Transitions and forward momentum

Onwards with our whistlestop tour of New York’s most famous places. I get excited about the Madison Avenue sign before we spot an unusually attired New Yorker.

We’re headed to Grand Central Station which opened to the public in February 1913.


This historic world-famous landmark in Midtown Manhattan is not just a transportation hub, there’s also plenty of shopping and dining opportunities

It’s also a well known New York meeting place – ‘meet me at the clock’ is an often repeated phase referring to the opal faced information booth clock above.

After a quick scoot around we’re heading back to our hotel which happens to be a block away from the World Trade Centre.

Here you can see the immense One World Observatory rising above a futuristic looking construction, which despite its space age appearance, is actually a transportation hub that replaced the PATH train station that was destroyed during the 9/11 terrorist attacks,

Its centerpiece is the Oculus, a glass-and-steel structure designed by Spanish architect Santiago Calatrava to look like a dove in flight.

The World Trade centre is gradually rebuilding itself from the tragic events of 9/11 with the construction of several new highrises.

The tallest of which is the One World Observatory that stands at 546 metres from ground to very tip making it the tallest building in the Western hemisphere.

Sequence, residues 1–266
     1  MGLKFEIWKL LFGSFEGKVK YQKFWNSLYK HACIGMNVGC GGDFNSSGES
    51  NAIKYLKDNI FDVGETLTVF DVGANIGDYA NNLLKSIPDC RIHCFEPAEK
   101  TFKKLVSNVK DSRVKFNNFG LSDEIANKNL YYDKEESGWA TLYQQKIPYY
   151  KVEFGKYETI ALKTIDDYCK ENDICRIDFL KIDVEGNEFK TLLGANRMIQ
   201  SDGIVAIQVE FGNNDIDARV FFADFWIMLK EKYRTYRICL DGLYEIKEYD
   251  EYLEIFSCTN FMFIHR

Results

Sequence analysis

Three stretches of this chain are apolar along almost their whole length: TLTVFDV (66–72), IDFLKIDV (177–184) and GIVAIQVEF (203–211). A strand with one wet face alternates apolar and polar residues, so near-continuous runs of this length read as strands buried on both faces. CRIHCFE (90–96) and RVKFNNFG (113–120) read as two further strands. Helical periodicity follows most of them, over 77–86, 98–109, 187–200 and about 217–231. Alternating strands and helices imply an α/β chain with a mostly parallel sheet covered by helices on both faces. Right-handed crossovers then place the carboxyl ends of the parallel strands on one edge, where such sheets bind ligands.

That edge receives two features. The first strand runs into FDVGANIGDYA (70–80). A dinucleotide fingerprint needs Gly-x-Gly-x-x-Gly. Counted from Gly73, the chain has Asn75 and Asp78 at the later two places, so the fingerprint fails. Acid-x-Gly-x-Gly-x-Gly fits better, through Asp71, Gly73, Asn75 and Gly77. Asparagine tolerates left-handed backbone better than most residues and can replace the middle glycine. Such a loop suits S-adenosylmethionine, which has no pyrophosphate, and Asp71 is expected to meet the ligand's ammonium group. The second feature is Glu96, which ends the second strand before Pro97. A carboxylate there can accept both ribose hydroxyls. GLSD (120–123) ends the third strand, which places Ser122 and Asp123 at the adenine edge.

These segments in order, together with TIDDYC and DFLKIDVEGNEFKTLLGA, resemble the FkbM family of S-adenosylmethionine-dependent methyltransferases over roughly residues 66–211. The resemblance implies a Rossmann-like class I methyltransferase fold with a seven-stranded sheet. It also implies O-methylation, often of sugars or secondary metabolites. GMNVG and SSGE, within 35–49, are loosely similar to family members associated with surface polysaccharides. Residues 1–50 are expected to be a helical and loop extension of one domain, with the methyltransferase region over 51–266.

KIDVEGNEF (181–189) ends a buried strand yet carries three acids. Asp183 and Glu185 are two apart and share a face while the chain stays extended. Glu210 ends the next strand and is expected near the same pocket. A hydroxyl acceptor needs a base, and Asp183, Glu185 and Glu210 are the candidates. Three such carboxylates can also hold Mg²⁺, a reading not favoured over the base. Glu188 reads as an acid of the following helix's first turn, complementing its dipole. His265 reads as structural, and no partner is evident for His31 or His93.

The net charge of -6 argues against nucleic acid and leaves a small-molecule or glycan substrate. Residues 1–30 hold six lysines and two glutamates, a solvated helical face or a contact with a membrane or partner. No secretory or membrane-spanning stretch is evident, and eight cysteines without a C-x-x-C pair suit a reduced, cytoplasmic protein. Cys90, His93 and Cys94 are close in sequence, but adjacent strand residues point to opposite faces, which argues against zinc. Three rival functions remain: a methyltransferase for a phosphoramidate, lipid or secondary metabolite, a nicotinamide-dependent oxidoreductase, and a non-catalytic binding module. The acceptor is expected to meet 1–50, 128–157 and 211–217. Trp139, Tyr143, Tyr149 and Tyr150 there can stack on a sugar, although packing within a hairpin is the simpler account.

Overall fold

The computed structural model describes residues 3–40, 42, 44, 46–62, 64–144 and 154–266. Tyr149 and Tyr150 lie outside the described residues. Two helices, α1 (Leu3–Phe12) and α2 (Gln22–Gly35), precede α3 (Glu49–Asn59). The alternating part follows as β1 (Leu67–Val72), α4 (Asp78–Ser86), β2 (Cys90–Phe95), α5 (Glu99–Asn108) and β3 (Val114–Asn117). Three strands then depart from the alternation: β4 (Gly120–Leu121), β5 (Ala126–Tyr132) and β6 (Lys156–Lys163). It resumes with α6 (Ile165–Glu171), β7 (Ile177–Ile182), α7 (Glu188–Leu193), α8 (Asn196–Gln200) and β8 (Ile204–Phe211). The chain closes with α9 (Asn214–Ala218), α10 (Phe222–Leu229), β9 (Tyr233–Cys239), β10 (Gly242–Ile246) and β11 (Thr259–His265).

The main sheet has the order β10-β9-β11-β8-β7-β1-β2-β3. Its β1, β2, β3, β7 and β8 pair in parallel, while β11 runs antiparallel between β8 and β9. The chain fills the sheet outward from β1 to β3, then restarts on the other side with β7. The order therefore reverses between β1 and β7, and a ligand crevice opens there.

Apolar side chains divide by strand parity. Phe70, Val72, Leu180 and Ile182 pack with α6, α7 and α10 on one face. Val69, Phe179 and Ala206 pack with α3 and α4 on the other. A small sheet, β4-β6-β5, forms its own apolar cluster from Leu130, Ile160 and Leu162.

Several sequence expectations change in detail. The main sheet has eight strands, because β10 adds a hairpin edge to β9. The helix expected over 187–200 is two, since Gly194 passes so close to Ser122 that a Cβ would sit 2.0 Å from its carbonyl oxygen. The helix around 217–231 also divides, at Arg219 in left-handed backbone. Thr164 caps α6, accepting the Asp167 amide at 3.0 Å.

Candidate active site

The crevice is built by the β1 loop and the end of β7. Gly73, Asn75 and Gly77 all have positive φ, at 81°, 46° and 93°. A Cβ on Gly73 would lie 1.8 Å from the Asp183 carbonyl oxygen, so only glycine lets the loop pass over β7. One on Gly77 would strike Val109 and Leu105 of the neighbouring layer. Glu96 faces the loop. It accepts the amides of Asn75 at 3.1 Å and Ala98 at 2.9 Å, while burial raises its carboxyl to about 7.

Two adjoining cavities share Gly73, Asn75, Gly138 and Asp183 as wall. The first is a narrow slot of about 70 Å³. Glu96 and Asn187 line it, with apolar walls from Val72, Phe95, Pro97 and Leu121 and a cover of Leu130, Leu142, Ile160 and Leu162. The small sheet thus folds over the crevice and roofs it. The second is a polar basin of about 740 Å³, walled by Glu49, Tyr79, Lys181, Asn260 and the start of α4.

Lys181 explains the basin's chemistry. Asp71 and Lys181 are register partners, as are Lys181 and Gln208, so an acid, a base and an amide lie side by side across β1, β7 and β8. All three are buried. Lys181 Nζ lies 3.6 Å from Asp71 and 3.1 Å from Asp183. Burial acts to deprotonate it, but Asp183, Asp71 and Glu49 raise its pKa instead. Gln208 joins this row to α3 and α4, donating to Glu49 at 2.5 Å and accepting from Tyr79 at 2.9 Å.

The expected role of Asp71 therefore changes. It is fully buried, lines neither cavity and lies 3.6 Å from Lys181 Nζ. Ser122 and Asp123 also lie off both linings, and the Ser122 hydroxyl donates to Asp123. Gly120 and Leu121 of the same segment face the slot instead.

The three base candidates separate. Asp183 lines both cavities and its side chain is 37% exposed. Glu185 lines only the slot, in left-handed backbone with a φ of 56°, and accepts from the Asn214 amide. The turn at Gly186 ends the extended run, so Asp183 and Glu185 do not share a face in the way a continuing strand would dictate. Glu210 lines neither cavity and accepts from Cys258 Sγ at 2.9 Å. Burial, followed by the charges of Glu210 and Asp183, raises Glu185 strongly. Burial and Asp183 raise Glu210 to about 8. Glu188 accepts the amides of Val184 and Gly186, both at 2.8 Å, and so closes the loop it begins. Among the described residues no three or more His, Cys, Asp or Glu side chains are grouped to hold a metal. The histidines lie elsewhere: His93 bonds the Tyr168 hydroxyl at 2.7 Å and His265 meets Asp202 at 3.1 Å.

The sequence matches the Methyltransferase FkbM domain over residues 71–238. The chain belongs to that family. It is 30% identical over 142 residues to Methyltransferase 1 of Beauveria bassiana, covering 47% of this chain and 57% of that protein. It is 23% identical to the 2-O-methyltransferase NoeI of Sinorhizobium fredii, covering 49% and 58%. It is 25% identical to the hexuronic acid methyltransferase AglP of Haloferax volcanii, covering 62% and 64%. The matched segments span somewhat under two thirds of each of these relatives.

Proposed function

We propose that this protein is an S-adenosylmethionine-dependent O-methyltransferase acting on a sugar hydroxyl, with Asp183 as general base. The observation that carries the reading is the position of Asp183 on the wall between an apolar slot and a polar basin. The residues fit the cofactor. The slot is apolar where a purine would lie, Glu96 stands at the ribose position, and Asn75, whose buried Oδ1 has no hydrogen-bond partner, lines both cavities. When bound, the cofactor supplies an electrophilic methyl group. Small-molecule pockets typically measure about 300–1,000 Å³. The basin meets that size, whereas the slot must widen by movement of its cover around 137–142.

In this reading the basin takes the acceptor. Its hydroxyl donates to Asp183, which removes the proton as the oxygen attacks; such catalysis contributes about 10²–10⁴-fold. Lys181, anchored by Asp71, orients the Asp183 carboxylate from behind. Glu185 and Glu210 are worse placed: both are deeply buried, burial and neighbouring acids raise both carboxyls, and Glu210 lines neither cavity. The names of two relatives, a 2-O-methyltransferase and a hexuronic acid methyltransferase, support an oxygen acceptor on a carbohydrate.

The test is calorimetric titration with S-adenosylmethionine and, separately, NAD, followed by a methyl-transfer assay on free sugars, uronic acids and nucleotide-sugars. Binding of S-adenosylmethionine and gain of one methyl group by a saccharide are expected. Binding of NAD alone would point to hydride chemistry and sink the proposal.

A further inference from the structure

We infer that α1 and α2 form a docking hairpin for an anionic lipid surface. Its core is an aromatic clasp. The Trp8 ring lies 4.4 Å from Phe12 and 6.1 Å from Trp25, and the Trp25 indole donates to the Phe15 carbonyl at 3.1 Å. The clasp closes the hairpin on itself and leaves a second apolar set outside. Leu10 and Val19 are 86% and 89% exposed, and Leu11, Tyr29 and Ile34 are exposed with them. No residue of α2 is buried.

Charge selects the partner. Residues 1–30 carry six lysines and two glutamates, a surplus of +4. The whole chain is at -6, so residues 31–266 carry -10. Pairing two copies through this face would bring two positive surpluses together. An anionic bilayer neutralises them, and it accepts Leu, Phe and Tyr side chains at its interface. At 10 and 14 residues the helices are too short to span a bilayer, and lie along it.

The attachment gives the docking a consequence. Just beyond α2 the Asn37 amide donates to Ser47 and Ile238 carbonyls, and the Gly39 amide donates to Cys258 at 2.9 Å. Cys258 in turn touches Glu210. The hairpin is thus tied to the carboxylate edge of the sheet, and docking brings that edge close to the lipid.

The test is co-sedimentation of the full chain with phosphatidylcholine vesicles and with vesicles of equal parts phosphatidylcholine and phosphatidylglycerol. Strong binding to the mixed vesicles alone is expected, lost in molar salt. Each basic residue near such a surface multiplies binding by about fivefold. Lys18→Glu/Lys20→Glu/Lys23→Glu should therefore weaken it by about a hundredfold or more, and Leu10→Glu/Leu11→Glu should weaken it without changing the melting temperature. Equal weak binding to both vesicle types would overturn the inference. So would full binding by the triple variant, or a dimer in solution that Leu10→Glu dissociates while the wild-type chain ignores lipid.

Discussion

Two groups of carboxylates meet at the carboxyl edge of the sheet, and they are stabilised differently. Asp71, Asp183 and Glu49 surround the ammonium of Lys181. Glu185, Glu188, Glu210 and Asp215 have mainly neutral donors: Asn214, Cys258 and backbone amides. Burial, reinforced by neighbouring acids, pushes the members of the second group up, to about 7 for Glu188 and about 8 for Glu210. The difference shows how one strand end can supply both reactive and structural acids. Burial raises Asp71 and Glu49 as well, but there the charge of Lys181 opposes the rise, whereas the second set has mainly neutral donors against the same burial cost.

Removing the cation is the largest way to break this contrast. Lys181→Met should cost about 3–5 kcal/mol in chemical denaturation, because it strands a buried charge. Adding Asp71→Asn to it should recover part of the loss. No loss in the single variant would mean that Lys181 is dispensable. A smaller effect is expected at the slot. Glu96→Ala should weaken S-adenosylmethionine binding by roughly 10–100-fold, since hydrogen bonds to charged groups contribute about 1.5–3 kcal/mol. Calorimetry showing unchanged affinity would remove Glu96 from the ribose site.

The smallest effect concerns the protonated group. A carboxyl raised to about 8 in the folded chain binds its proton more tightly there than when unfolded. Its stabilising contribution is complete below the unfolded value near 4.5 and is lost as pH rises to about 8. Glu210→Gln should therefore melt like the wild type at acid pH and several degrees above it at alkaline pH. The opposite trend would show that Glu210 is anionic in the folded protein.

As well as the towering futuristic towerblocks, we can’t visit the site without seeing the memorial to the victims of the attacks.


The memorial is comprised of two 1-acre pools with the largest man-made waterfalls in the United States. They sit on the footprints of the Twin Towers, symbolising the loss of life and the physical void left by the attacks.

The waterfalls are intended to silence the sounds of the city – making the site a contemplative sanctuary

The names of 2,983 victims are inscribed on 152 bronze parapets on the memorial pools, this includes the 2,977 people killed in the September 11 attacks and six who died in the 1993 World Trade Centre bombing.


The memorial trust place roses on the names of each person on their birthday as a touching gesture of individual remembrance.

Highlighting the fact that each name was a person, with a life, family and history – not just a victim.

Then it’s back to the hotel, stopping briefly to take a snap of a typical New York street. Complete with ubiquitous sidewalk food stalls.

We also love spotting the steam vents that form part of the New York City steam system.

It’s a district heating system which takes steam produced by steam generating stations and carries it under the streets of Manhattan to heat and cool high rise buildings and businesses

We end a jam packed day at our favourite spot – Pier 15 on the South Street Sea Port.

Published by collymarples

World traveller, proud auntie, bit of a liability.

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